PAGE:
Oh, and most certainly, the second they start doing that, the first question they will ask — what are the reasons why we are looking for a new office-space to begin with? If you want them to challenge the status quo, they need to understand why the status quo needs to be challenged in the first place.
DELEGATION IS HARD, BUT AN INESCAPABLE NECESSITY
I love my ex-boss. There are a lot of things I learned from him. I have been fortunate enough to have worked with some of the sharpest, most passionate, dedicated and brilliant minds the Indian ecosystem has to offer, and they have all contributed to me being where I am today. He was one of the first, and he took a bet on me real early in my career. But I somehow feel he needs to challenge himself into getting to the delegation phase faster. They are onto something huge, and despite the fact that I know he will take the business to great heights, delegating things now and delegating them well could very well end up saving him a few years. :-)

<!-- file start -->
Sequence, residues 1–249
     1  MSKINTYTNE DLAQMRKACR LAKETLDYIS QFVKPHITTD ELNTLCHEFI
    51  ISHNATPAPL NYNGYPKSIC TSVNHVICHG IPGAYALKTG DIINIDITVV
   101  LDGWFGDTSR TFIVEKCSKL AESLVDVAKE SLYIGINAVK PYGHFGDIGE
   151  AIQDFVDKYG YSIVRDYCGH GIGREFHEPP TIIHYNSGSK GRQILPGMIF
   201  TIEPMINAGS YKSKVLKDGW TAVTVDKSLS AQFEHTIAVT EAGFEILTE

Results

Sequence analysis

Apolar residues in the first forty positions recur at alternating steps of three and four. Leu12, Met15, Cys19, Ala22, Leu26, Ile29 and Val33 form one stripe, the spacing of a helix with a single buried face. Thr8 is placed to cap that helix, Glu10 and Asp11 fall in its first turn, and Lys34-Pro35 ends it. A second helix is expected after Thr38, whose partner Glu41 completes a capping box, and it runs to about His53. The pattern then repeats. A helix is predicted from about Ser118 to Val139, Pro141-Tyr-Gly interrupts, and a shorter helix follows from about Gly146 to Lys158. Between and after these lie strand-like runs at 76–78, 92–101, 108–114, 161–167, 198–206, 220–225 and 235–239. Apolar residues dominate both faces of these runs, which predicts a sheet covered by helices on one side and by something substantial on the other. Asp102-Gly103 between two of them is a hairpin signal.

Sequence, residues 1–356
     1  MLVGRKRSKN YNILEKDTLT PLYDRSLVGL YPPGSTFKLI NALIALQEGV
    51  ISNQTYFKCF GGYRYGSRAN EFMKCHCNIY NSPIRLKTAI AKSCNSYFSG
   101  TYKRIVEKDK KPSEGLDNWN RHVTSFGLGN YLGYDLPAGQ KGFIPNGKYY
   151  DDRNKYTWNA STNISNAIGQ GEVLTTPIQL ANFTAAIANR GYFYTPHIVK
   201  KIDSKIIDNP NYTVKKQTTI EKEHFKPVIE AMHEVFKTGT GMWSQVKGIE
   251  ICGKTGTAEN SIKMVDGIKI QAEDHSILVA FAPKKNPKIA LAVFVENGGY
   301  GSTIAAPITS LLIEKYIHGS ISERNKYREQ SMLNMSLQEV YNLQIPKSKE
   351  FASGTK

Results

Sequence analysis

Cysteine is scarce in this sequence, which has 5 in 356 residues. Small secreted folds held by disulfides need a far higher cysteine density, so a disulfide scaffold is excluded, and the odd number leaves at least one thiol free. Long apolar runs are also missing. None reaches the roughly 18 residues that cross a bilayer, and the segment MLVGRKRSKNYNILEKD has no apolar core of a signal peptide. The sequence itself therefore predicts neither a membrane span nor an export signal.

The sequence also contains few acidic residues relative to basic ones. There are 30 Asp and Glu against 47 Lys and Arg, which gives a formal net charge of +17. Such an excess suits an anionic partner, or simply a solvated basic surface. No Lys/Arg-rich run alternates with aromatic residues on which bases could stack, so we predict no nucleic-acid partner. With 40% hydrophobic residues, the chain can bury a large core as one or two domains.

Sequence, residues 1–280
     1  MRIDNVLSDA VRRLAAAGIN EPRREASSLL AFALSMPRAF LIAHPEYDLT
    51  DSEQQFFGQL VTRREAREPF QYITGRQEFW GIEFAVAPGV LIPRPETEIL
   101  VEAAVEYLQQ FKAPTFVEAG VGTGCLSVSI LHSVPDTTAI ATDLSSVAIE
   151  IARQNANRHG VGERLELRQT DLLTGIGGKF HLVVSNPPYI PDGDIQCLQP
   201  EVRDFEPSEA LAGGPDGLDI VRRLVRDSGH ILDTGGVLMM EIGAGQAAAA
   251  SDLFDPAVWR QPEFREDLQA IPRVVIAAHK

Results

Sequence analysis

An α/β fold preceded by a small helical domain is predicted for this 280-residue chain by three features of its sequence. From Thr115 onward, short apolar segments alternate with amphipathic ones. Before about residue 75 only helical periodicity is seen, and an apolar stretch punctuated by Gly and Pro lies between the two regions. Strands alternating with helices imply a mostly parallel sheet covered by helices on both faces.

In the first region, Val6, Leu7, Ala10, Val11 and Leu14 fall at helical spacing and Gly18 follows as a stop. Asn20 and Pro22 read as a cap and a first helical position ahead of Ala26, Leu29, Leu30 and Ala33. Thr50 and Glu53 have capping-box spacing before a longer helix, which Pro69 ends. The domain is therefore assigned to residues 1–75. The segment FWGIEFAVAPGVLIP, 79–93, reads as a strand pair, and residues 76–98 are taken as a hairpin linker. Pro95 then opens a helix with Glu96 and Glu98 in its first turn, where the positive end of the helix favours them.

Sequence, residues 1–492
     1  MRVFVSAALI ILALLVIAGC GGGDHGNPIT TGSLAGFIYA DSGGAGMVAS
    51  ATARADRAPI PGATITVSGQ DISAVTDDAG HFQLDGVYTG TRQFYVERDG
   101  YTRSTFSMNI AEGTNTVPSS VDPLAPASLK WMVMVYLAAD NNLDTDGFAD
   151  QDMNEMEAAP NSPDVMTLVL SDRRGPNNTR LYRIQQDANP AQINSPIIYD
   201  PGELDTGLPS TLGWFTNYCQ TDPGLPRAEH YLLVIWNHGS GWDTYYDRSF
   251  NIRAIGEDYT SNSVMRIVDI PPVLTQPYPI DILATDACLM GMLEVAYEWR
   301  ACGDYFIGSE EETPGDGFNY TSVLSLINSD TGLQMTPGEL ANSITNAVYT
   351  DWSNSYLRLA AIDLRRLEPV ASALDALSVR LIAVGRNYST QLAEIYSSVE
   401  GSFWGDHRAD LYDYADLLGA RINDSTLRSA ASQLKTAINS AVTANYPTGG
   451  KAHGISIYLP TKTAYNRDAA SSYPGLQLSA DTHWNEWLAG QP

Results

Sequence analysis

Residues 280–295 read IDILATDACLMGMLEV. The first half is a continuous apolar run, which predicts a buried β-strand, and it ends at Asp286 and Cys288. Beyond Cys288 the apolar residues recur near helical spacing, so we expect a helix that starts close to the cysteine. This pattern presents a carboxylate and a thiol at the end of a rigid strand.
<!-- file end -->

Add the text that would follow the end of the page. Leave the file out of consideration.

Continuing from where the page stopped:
If you want to truly scale your business, you do need to delegate, and not just delegate — delegate the right way. For a business to truly grow, the leader needs to stay on the periphery of things and not get in the thick of them. You need to be aware of what’s going on on a macro level, and enable people into growing into leaders who can handle the nuances of those individual challenges. And as your business grows, you need to encourage your leaders to inculcate that same behavior in their lieutenants.
Always remember, solving challenges for the business helps your employees take pride in their work while feeling more connected to the business on a deeper, more intricate level. And as we tend to prefer hiring people smarter than ourselves, the more you enable them into being control of the way they drive things forward, the more your business could benefit.